The link between changes in the temperature of the sea's surface and increases in North Atlantic hurricane activity has been quantified for the first time. The research - carried out by scientists at UCL (University College London) and due to be published in Nature on January 31 - shows that a 0.5°C increase in sea surface temperature can be associated with an approximately 40 per cent increase in hurricane activity.
he study, conducted by Professor Mark Saunders and Dr Adam Lea of the Benfield UCL Hazard Research Centre and the UCL Tropical Storm Risk forecasting venture, finds that local sea surface warming was responsible for about 40 per cent of the increase in Atlantic hurricane activity (relative to the 1950-2000 average) between 1996 and 2005.
The study also finds that the current sensitivity of tropical Atlantic hurricane activity to sea surface warming is large, with a 0.5°C increase in sea surface temperature being associated with a ~40 per cent increase in hurricane activity and frequency.
The research focuses on storms that form in the tropical North Atlantic, Caribbean Sea and Gulf of Mexico -- a region which produced nearly 90 per cent of the hurricanes that reached the United States between 1950 and 2005. To quantify the role of sea warming it was necessary to first understand the separate contributions of atmospheric circulation and sea surface temperature to the increase in hurricane frequency and activity.
Professor Saunders, the lead author of the study, explained how this was done. "We created a statistical model based on two environmental variables -- local sea surface temperature and an atmospheric wind field - which replicated 75-80 per cent of the variance in tropical Atlantic hurricane activity and frequency between 1965 and 2005. By removing the influence of winds from the model we were able to assess the contribution of sea surface temperature and found that it has a large effect. "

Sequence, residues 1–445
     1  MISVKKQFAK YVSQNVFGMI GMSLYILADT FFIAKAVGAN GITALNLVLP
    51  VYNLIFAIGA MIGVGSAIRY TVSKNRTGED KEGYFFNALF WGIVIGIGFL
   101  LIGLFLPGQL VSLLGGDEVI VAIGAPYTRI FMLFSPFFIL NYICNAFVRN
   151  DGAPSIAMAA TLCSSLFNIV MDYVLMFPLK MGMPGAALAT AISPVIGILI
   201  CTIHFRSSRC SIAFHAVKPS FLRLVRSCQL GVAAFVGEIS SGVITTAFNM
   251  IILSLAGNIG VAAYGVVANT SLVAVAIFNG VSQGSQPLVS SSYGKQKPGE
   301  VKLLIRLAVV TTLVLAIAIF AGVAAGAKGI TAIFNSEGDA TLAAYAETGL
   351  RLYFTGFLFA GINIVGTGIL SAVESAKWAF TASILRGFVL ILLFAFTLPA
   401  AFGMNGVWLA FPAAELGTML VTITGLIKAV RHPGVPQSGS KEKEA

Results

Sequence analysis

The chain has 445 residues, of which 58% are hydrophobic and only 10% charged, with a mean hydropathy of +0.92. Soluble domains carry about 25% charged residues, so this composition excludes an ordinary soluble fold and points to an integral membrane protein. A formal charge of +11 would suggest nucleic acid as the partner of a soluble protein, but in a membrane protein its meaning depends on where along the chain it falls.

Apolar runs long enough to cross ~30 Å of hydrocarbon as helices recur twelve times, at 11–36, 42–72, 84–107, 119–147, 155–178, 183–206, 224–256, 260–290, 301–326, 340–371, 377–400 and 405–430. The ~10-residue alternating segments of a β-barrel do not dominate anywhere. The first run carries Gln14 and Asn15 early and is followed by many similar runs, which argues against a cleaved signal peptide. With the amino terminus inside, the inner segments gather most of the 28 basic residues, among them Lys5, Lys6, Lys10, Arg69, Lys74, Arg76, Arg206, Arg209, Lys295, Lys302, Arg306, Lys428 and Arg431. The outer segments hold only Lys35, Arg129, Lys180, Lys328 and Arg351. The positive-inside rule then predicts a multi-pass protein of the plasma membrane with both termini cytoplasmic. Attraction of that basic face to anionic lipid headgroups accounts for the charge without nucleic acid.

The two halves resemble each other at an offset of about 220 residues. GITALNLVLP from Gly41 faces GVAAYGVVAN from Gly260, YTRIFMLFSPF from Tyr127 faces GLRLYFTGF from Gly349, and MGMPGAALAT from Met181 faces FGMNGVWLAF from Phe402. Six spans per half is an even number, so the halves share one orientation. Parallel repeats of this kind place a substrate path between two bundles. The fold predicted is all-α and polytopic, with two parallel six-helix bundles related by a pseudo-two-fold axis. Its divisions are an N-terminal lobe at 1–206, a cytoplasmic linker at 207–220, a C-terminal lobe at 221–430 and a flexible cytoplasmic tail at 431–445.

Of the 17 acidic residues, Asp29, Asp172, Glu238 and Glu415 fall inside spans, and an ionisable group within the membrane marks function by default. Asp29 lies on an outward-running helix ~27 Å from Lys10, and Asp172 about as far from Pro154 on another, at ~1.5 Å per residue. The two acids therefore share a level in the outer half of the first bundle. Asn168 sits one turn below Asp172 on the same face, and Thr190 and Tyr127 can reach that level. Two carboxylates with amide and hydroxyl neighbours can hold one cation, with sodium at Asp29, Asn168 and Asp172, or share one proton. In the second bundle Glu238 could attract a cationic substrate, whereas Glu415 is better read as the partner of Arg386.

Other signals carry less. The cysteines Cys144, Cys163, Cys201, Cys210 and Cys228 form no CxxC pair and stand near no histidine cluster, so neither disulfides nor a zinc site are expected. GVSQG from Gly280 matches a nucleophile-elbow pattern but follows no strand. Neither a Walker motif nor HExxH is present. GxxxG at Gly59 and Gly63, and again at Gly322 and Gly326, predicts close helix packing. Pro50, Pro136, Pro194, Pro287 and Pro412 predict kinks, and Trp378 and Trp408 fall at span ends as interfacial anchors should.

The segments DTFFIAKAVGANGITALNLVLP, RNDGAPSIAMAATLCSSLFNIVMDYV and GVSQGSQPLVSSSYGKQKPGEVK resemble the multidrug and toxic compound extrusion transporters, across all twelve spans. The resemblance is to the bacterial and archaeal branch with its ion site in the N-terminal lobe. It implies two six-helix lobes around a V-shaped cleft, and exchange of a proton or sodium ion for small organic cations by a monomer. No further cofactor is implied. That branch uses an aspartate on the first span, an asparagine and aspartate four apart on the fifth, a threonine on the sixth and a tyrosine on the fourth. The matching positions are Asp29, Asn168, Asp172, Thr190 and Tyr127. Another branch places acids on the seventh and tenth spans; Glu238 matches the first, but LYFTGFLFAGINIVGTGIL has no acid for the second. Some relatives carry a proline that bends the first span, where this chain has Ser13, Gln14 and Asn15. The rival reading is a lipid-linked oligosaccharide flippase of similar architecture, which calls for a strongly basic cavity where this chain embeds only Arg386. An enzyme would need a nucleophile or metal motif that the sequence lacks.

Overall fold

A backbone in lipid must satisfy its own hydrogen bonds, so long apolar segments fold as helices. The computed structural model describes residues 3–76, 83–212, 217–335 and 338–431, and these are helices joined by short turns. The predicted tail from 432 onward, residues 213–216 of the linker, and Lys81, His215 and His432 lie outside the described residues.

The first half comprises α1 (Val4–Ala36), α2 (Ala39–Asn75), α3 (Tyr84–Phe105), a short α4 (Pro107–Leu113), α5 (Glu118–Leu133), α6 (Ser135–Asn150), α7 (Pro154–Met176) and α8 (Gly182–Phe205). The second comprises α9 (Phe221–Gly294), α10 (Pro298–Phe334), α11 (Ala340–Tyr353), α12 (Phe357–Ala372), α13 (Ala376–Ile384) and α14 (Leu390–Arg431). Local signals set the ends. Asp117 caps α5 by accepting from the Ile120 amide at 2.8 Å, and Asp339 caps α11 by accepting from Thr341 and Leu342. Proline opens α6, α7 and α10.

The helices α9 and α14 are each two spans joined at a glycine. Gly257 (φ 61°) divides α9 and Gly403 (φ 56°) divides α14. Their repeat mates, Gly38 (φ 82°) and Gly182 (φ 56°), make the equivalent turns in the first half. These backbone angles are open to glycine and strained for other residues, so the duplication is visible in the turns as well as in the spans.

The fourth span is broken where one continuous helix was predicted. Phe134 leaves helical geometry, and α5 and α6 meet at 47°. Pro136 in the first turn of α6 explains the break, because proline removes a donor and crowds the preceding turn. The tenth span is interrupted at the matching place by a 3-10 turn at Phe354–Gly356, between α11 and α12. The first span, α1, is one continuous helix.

"Our analysis does not identify whether greenhouse gas-induced warming contributed to the increase in water temperature and thus to the increase in hurricane activity. However, it is important that climate models are able to reproduce the observed relationship between hurricane activity and sea surface temperature so that we can have confidence in their reliability to project how hurricane activity will respond to future climate change."
Journal reference: Large contribution of sea surface warming to recent increase in Atlantic hurricane activity, by Prof Mark A. Saunders and Dr Adam S. Lea, appears in the 31 January issue of the journal Nature.
This work is supported by the TSR (Tropical Storm Risk) venture sponsored by Benfield (an independent reinsurance intermediary), Royal & Sun Alliance (an insurance group), and Crawford & Company (a claims management solutions company).
Adapted from materials provided by University College London, via EurekAlert!, a service of AAAS.
Composite satellite image of intense hurricanes Dennis, Emily, Katrina, Rita and Wilma in 2005. The storms all made landfall around the Gulf of Mexico causing nearly $180 billion in damage. (Credit: Image courtesy of Univ. of Wisconsin-CIMSS and UCL.)
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